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Herbs & Botanicals

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Dendrobium (shi hu)

What is dendrobium? What is it used for?

Dendrobium is a type of orchid. The plant consists of a long, thin stem, which is golden yellow in color, with a flower at the end (which usually has five or six petals). Different varieties of dendrobium have different colors, but the most common colors are yellow and pink. The stem is used in herbal remedies.

In traditional Chinese medicine, dendrobium is used primarily to replenish fluids. It is commonly used as a yin tonic to moisten the stomach and lungs, and has also been traditionally used as a tea to replace kidney yin jing. It is very effective for treating conditions such as dry mouth, stomach pain, mouth sores, sunstroke, and other conditions caused by dry weather, pollution or smoke.

Additionally, dendrobium is used to enhance skin quality. Dendrobium keeps the skin moist; constant drinking of dendrobium tea is believed to result in soft, beautiful skin.

How much dendrobium should I take?

The typical recommended dose of dendrobium is between 6-12 grams, which is boiled in water and used as a tea. Larger doses (up to 20 grams) may be used depending on the condition being treated.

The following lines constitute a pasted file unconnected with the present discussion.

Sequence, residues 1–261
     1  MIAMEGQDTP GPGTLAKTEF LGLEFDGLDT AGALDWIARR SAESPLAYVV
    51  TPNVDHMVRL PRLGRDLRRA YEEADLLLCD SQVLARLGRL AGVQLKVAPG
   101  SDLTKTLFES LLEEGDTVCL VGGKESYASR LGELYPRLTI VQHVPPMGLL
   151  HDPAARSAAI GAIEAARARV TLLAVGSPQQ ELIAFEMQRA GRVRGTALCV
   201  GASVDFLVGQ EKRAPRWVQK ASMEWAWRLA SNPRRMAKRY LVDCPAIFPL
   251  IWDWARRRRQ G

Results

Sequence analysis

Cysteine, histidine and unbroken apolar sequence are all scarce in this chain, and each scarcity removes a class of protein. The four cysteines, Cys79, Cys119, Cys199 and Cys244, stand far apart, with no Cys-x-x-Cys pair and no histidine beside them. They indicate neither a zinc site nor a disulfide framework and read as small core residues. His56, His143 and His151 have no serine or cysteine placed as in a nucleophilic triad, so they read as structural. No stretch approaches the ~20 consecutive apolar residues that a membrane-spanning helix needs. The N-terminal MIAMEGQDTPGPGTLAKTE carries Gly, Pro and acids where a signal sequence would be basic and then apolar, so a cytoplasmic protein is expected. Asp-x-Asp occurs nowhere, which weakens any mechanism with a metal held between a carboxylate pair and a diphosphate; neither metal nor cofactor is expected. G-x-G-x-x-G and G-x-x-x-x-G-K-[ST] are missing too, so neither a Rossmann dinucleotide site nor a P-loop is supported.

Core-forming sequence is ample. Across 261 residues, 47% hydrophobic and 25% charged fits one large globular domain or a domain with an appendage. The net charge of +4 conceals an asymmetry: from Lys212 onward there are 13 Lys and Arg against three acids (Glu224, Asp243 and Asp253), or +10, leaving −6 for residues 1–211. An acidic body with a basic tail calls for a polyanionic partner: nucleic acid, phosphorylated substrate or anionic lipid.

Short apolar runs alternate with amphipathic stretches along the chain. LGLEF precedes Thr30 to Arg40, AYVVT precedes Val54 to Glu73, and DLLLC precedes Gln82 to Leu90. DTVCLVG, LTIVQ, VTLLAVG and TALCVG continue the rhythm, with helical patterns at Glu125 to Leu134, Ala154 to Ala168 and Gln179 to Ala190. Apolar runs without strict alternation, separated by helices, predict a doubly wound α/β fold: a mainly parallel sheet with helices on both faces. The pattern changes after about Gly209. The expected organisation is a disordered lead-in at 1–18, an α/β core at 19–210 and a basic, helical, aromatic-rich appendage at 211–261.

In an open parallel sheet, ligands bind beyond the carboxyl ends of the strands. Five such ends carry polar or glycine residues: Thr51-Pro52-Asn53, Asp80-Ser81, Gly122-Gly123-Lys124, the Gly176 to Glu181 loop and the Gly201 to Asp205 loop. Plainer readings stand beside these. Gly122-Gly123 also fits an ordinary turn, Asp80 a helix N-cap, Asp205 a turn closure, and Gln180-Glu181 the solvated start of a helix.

What forms of dendrobium are available?

Dendrobium powders and extracts are available at most Asian markets and specialty health food stores.

What can happen if I take too much dendrobium? Are there any interactions I should be aware of? What precautions should I take?

The American Herbal Products Association has given dendrobium a class one rating, meaning that it is safe when consumed at appropriate doses. However, large doses can have an adverse effect on the heart and lungs, and overdoses can cause convulsions. As of this writing, there are no known drug interactions with dendrobium. As always, make sure to consult with a qualified, licensed health care provider before taking dendrobium or any other herbal remedy or dietary supplement.

References

  • Bensky D, Gamble A. Chinese Herbal Medicine. Seattle: Eastland Press, 1986.
  • Chiang Su New Medicinal College. Dictionary of Chinese Crude Drugs. Shanghai: Shanghai Scientific Technologic Publisher, 1977, pp. 586-588.
  • Flaws B (translator). The Book of Jook. Chinese Medical Porridges: A Healthy Alternative to the Typical Western Breakfast. Boulder, CO: Blue Poppy Press,
  • McGuffin M, Hobbs C, Upton R (eds.) American Herbal Products Association’s Botanical Safety Handbook. Boca Raton, FL: CRC Press, 1997, p. 41.
  • Teeguarden R. Radiant Health: The Ancient Wisdom of the Chinese Tonic Herbs. New York: Warner Books, 1998, pp. 160-161.

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